Descartes, with purely scientific interest in view, "entered into direct contact with the intellectual atmosphere of the Rosicrucians"66 and believed that his world-shaking discovery in mathematics was given to him in visions.67 Some present-day scientists also lean to the Mantic: "Yes, the triumphs of the physical scientists are impressive enough to explain why science has a great reputation. . . . But the mysteries of life—perhaps they are intended to remain mysteries."68 "The inductive format of the scientific paper should be discarded, . . . and scientists should not be ashamed, . . . as many of them apparently are ashamed to admit, that hypotheses . . . are imaginative and inspirational in character. . . . They are indeed adventures of the mind."69 This actually precedes the inductive format. "Hypotheses arise by guesswork. That is to put it in its crudest form. I should say rather that they arise by inspiration."70 "The most beautiful thing we can experience is the mysterious."71
Ancient Statements: Aristotle turned away from "the metaphysical and conceptual attitude of his early decades" to pure science; but in his old age he turned back again: "He justifies metaphysics now by means of the everlasting longing of the human heart."72 Aristotle's first work was a defense of the Mantic Homer against the Sophist critics.73 Both Plato and Aristotle in their old age turned with deepest devotion to the teachings of Zoroaster. Neither lost his scientific tendencies. Plato combined his Socratic with the Eleatic science and especially favored Pythagoras, in whom the Mantic and Sophic combine in a remarkable way.74 Plato and his predecessors "transform an originally theological idea, the idea of explaining the visible world by a postulated invisible world, into the fundamental instrument of theoretical science."75 "By his adoption of geometry as the theory of the world he provided Aristarchus, Newton, and Einstein with their intellectual toolbox."76 Thus the Mantic Plato made solid scientific contributions. He insisted that knowledge came by inspiration, via anamnesis, as did Pythagoras: "I do not teach myself anything, I only remember."77 Popper explains this midway position between Mantic and Sophic as the "second-order tradition" which welcomed the heritage of myth as the foundation for new and fruitful discussion and investigation, instead of condemning it.78 The Poet is exalted up to the point where he becomes another Pythian, whose ravings are unintelligible to himself. "He is relegated to an adyton, and between him and the public the Philosopher keeps guard, who alone can understand and interpret him,"79 according to a recent interpretation which places philosophy squarely between the Mantic and the public.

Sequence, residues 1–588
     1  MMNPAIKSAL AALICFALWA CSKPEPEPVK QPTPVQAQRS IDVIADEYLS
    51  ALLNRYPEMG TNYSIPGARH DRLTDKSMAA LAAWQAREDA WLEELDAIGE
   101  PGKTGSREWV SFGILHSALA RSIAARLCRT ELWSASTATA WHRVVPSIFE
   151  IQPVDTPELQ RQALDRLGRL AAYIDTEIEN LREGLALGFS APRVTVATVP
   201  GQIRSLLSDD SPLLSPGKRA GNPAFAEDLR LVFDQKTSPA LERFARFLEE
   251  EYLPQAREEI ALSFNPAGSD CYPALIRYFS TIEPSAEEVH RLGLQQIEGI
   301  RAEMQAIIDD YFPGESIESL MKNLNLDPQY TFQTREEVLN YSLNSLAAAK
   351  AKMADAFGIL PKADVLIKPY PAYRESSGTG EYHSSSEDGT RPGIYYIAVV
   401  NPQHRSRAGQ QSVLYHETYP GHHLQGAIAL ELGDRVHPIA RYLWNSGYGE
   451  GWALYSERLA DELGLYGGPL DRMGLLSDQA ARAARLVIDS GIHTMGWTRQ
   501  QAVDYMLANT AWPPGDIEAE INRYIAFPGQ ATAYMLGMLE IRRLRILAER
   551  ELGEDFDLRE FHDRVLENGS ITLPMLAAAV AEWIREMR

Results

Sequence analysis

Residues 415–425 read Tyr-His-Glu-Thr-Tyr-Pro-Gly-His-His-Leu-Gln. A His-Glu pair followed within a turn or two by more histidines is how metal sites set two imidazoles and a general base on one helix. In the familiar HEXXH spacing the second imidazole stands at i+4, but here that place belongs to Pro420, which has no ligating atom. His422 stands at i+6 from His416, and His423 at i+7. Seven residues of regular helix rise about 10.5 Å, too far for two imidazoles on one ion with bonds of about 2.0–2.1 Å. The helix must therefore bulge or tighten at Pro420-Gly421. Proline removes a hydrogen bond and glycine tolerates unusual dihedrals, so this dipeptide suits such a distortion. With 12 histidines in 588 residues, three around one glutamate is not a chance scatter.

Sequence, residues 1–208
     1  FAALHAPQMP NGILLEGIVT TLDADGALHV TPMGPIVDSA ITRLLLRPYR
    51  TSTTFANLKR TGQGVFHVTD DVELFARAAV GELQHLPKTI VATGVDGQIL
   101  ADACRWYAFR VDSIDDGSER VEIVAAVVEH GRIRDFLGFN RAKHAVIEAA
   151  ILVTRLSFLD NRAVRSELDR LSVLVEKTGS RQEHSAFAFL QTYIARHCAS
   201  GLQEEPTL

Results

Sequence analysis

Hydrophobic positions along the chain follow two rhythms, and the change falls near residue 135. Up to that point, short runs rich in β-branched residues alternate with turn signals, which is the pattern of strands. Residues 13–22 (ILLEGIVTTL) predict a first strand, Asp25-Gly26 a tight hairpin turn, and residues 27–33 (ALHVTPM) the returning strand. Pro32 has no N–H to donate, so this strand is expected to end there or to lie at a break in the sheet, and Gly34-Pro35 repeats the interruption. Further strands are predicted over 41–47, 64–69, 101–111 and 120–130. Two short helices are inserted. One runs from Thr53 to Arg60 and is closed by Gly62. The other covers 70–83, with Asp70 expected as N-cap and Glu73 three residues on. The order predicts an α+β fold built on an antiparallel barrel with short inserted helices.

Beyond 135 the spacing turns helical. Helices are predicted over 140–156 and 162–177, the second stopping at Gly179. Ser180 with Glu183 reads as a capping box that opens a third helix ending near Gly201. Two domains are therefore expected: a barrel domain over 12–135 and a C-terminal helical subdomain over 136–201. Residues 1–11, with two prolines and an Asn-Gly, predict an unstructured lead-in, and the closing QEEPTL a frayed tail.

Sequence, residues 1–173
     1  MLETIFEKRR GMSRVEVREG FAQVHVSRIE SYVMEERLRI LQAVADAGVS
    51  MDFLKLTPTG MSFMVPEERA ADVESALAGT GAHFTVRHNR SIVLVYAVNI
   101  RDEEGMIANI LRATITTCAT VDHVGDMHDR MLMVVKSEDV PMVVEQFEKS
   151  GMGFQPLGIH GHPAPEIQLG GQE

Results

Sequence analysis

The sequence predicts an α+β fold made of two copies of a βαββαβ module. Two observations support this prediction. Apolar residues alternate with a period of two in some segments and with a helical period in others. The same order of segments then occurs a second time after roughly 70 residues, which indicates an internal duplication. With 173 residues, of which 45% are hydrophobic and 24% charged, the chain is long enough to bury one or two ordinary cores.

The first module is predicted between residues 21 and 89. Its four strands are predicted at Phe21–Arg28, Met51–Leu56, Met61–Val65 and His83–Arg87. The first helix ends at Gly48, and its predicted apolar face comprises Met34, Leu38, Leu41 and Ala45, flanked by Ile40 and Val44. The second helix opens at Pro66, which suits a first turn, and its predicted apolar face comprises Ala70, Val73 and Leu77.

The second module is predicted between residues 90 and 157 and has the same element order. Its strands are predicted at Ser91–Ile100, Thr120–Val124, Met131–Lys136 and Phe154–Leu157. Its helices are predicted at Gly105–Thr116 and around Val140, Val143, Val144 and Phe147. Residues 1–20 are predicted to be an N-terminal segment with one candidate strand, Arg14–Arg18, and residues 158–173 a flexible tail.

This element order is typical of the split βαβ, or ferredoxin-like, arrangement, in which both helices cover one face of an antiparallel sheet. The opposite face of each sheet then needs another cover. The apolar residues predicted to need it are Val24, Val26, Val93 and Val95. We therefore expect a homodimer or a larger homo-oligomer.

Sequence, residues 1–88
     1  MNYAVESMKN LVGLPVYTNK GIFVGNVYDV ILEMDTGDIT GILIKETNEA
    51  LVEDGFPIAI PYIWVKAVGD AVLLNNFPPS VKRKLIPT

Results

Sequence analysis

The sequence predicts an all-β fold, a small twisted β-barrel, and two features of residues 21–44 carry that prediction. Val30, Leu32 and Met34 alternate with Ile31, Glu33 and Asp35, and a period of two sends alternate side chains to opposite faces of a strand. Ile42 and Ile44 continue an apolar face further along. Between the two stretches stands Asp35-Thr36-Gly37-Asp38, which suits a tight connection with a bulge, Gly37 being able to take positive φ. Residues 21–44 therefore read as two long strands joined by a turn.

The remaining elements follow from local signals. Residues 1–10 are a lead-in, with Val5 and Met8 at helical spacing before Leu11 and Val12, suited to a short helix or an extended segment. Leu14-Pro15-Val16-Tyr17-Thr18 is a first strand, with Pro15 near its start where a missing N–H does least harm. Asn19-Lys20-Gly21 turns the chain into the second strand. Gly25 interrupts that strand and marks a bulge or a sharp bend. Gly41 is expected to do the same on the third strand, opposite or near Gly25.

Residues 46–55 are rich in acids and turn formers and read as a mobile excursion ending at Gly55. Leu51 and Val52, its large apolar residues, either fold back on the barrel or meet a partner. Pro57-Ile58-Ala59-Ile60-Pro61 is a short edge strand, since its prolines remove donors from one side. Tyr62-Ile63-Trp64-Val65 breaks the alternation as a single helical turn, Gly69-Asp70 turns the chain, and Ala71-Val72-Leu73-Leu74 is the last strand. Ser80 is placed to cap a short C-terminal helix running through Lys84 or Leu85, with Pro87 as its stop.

The original line of inspiration is lost in the mists of time, and may, as among the Ancient Semites, have gone back "to the shacir, the Knower, the possessor of supernatural knowledge. He passed as a kind of oracle for his tribe, as did the kahin. . . . His capacity was attributed to a special spirit (jinn, or in Greek, daimon)."80 Plato, like Newton, insisted that the ultimate mover was a divine spirit, Aristotle an entelecheia; Pythagoras and Philoslaeus harmonia, and Xenocrates number.81 These thinkers seem to combine Sophic and Mantic, yet any concession whatever to the Mantic disqualifies them in this Sophic camp. Cato, who "rejected the findings of Greek philosophy in order to fall back upon a shrewd peasant wisdom,"82 combines a much lower order of Sophic and Mantic. Sextus Empiricus is another who turns against the Sophic, but in a "puerile and pedantic" way, attacking its good (especially its good) as well as its bad side.83 While the students at Socrates' school went deeply into experimental science, to the amusement of the more practically minded Athenians, "they were [at the same time] much occupied with religion and the after life." So they offended both the learned Sophist and the superstitious man in the street.84 "It is your neglect of geometry," Socrates tells the businessman Callicles, "which convinces you that you should strive for a bigger share of things than other men possess";85 for business rejects both the egghead Sophic and the impractical Mantic.